Hi all- I’ve just gotten a quote for €1480 to put spray foam insulation in my mid-terrace house attic. The guy said that you need to get 200mm thickness to avail of a grant, but that this is a waste of time and 100mm is sufficient.
I’ve read some previous threads here but am still quite clueless- does anyone know if this sounds reasonable? It’s a small house but the upstairs rooms are freezing in winter, and if this would make any noticeable difference I’d probably go for it. I’m not looking for perfection.
Don't get it done.
Its a disaster.
Is it a normal pitch roof or do you have rooms in the Roof space (Dormers etc.)
If its a standard attic space, seal all the holes in the ceilings to stop draughts. Heat loss by Convection.
Fit 300 mm fibreglass insulation on top of the ceiling. To reduce Heat Loss by Conduction.
An uninsulated ceiling in a pitched roof will have a U Value of approx 2.1 watts/m.sq/degreeC/hr.
300 mm of good quality Insulation laid on top of the ceiling ( between ceiling joists and above) will give a U Value of approx 0.16 Watts/m.sq/degreeC/hr.
This reduces the heat loss through the Ceiling to 1/13th of the present heat loss. This is a fantastic saving.
If all the draughts through the ceilings are not completely blocked, you will still have a lot of heat loss by Convection.
I do not approve of Spray-foam between the rafters.
Fresh air by ventilation is very important to the timbers in the Attic Area.
Do not do it. It is a crazy practice.
Roof timbers need to breath and encasing them in foam insulation stifles that ventilation. Any moisture that somehow might penetrate the roof covering will lodge and will not dry out properly and you could end up with rot. And because it is then hidden you will have no way of knowing until very serious damage has been caused.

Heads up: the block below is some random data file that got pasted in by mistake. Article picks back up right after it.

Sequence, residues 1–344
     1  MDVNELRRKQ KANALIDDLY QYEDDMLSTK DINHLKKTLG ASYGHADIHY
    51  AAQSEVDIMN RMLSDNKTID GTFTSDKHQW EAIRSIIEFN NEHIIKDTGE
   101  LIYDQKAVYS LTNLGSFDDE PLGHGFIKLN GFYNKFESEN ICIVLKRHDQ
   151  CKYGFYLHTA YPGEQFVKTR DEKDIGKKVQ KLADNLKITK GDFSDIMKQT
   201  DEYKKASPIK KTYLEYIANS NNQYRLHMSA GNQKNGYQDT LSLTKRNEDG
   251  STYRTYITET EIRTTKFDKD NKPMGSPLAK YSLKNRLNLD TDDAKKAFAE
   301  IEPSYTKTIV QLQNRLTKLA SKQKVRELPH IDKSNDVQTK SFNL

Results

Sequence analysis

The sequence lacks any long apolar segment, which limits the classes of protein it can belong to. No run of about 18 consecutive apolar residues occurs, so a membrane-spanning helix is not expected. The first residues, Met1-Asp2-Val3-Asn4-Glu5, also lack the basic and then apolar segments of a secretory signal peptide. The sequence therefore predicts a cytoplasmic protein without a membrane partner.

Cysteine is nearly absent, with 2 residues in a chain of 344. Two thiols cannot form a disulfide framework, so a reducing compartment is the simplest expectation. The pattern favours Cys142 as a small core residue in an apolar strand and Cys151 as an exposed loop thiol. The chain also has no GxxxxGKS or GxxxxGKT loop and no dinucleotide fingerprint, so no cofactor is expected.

Whats more, if you are selling the house, a surveyor will not be able to evaluate the condition of the roof timbers. Even worse, they might even be very caustions and consider the possibility that you deliberately spray foamed the roof in order to hide a known rot or other issue with the roof timbers.
Stay away from it. do no do it. Pay no heed to the salesmen who are offering it, they are only trying to get business and they don't give a toss about any issues. A lot of these fellas would be nearly half glorified travellers anyway.
The MFV Creadan Lady is a mussel dredger from Dunmore East.
If there is no felt/ breather membrane in the roof, the expanding foam may cause slates to me lifted.
The Felt / breather membrane must be well sagged between the rafters to form a gutter to allow any rainwater to flow down the membrane below the battens, and in to the gutters. The expanding foam will lift up the underly membrane and eliminate this gutter. Therefore any ingress of rainwater in very strong winds cannot flow under the battens and will cause many problems.
honestly, 300mm of fiber glass insulation is easy to fit or get fitted, and makes a huge difference. I'd also look at fitting insulated board to the wall 100mm ideally but if it's a small house 50mm. Check around the existing window frames for drafts often they are not fitted correctly and you get drafts at the edges. If you insulate the wall internally it's easy to fix then.
Just to add to all the negative comments about spray foam insulation, there are also health & safety issues, The foam emits fumes as it cures, and if you are sensitive e.g. asthmatic, this could be an issue. Also not great for fire safety, you would need to check spec to see it meets fire resistance standards required by Building Regulations.
Beware also that these salesmen are full to the eyeballs with plámás and will try to bamboozle with sh!the talk if you question is suitability. I'd estimate that most of them are chancers.
10 or 15 years ago they were probably tarmacing driveways and putting up bad gutters.
Now they've moved on to spray foam because it's easy. They just stick their head into the attic and let loose with a nozzle. I bet too that a lot of them only do the bits you can see and leave big gaps in more inaccessible areas.